Expanding wave fronts – ripples on a lake, for example – are a well-studied physical phenomenon. These sorts of dynamics can also be seen in biological systems, in which information is often passed from cell to cell. Prof. Roy Bar-Ziv and research students Alexandra Tayar and Eyal Karzbrun of the Weizmann Institute’s Materials and Interfaces Department, in collaboration with Prof. Vincent Noireaux from the University of Minnesota, created an experimental wave front of spreading information through cells, and showed that, like setting dominoes to fall in a row, fixing the initial conditions in these cells created a self-propagating yet highly controlled expansion.
The “cell-on-a-chip” system that the scientists used is one that Bar-Ziv and his group have labored on for over a decade. These cells, around a millionth of a meter in depth, are etched in silicon, and a dense forest of DNA strands is attached to the bottom of each cell. A number of cells are then connected by thin capillary tubes to a larger channel. Once the researchers fill the artificial cells with the genes of their choice, they add an extract of E. coli that contains everything they need (including the ribosomes) to translate the genetic information to proteins. These proteins tend to move out of the cell and, through the capillary tubes, into the larger channel, mimicking the way that living biological cells manage their protein turnover.
In the new experiment, which was reported in Nature Physics, the scientists added more thin capillaries, this time hooking the cells up serially. One capillary connected the first cell in line to the second, the next tube connected the second to the third, and so on. They then inserted genes encoding certain regulatory proteins – proteins that turn on genes – into the cells. When the protein was produced in the first cell, it passed into the second, activating genes and causing the protein to be produced in the next cell down the line, on to the end of the line. These proteins also activated genes for reporter proteins that glow in fluorescent colors, so the researchers were able to track their concentration in each cell. Indeed, the researchers noted a progressive “ripple” passing from cell to cell as each began producing proteins. This “wave of light” passed down the line of cells unhindered and untouched by human hands. “What we see in this system is a domino effect,” says Tayar. “And the system is self-perpetuating. It is based on protein communication – one to regulate, another which acts as a switch; together they keeps the system going. As gene translation is kindled in cell after cell, we see the reporter proteins light up in a series.”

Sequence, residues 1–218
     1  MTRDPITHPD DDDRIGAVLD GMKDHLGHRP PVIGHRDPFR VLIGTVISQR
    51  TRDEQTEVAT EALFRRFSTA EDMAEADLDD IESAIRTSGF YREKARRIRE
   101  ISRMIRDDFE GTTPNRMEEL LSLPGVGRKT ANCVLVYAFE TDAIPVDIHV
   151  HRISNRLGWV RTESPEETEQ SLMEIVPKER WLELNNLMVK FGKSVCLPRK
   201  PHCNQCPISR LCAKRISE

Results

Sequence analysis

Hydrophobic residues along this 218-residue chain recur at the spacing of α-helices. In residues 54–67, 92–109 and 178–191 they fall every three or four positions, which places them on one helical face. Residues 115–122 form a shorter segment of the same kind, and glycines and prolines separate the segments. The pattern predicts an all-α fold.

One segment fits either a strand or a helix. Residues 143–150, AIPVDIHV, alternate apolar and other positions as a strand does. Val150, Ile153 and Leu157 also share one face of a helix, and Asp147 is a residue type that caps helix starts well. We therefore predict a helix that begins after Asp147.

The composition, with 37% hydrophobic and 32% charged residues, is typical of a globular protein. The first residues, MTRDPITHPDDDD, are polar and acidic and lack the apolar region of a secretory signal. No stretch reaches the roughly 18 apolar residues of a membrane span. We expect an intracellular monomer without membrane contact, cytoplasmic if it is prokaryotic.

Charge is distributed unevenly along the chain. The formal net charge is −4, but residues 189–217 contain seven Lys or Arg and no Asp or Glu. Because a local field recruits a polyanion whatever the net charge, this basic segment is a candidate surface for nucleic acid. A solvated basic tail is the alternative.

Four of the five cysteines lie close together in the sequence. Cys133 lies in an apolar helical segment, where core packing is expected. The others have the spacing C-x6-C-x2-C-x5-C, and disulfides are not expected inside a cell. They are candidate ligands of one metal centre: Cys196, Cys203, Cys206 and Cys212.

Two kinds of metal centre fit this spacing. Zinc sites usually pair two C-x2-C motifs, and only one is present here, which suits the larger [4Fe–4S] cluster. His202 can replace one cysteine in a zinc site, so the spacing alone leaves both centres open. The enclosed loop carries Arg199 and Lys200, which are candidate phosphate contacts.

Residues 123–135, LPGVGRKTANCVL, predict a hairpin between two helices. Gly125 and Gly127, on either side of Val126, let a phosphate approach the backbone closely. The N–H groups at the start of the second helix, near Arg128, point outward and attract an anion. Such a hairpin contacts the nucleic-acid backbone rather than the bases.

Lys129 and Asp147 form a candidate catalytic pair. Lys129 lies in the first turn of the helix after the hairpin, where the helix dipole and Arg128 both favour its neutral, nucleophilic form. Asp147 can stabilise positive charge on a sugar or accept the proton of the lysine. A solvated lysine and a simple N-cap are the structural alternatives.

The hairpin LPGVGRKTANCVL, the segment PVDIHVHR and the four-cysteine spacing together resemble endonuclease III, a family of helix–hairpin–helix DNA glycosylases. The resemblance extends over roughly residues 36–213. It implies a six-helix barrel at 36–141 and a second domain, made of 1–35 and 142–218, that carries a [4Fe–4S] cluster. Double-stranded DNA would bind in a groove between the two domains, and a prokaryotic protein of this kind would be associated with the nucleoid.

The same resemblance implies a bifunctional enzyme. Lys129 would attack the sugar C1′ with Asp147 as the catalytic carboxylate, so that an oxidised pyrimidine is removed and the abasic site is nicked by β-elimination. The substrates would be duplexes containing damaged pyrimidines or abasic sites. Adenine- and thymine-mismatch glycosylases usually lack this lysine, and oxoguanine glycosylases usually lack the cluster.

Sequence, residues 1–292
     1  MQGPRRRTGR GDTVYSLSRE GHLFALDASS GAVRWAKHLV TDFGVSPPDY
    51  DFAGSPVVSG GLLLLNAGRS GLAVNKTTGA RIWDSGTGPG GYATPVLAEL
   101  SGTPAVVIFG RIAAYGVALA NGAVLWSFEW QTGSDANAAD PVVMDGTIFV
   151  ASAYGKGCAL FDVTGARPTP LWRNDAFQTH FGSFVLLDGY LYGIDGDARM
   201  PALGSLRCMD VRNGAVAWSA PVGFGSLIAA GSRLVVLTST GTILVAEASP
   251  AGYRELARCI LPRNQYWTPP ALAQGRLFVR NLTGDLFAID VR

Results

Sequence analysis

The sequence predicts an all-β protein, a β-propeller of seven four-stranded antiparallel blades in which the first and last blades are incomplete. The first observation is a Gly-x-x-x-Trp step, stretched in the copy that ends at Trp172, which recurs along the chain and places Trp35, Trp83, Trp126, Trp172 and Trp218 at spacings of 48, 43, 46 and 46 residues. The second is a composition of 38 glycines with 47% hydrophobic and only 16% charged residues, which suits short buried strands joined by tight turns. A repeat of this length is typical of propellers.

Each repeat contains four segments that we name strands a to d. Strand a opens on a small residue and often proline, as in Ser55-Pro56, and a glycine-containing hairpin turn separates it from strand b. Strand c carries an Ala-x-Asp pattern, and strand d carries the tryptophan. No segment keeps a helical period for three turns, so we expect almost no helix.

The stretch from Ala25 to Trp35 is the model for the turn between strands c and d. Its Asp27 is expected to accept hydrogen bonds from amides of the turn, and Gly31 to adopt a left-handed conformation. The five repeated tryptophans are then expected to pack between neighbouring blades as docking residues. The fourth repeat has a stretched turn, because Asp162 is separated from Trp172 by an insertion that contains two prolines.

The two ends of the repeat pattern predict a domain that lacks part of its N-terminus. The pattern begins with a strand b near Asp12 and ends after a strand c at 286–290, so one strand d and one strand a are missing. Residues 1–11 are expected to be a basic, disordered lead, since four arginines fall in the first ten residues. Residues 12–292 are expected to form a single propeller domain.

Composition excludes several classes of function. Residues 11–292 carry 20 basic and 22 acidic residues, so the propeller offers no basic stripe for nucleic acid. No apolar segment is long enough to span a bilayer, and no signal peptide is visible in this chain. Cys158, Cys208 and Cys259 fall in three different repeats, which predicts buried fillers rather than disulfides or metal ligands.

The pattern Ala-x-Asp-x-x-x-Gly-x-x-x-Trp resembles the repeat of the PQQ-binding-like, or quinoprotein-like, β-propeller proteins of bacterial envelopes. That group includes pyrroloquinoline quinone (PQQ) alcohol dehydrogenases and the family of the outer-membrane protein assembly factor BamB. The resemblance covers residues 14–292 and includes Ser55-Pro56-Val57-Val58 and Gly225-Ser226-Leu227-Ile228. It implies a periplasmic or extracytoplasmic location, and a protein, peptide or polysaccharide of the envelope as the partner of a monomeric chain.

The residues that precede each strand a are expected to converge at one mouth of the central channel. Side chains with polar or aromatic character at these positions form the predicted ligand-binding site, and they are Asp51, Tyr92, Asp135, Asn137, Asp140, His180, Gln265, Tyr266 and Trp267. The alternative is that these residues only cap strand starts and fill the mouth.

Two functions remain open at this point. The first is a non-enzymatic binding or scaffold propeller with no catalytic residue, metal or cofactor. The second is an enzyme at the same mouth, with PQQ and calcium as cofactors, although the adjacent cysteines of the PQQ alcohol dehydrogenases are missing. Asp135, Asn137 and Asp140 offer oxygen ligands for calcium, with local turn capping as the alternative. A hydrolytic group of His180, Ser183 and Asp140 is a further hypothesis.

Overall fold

“This phenomenon – a wave of genetic information – is similar to the way information is transferred in an optic communications cable,” says Karzbrun. “The self-propagating wave retains its form from beginning to end. By precisely fixing the amounts of the different genes, we were able to control many aspects of this propagation, including the rate and the size of the ripples.”
Bar-Ziv points out that this type of cell-to-cell information transfer is involved in such dynamic biological processes as early embryonic development. “In the future,” he says, “this system may be used to recreate and investigate such biological processes as spatial patterning or the dynamics of genetic cycles. Systems of artificial cells on chips may also be used for sensing, communicating and processing information, and the monitoring of various environmental phenomena.”
Prof. Roy Bar Ziv's research is supported by the Yeda-Sela Center for Basic Research; the Gurwin Family Fund for Scientific Research; and the estate of Raymond Lapon.
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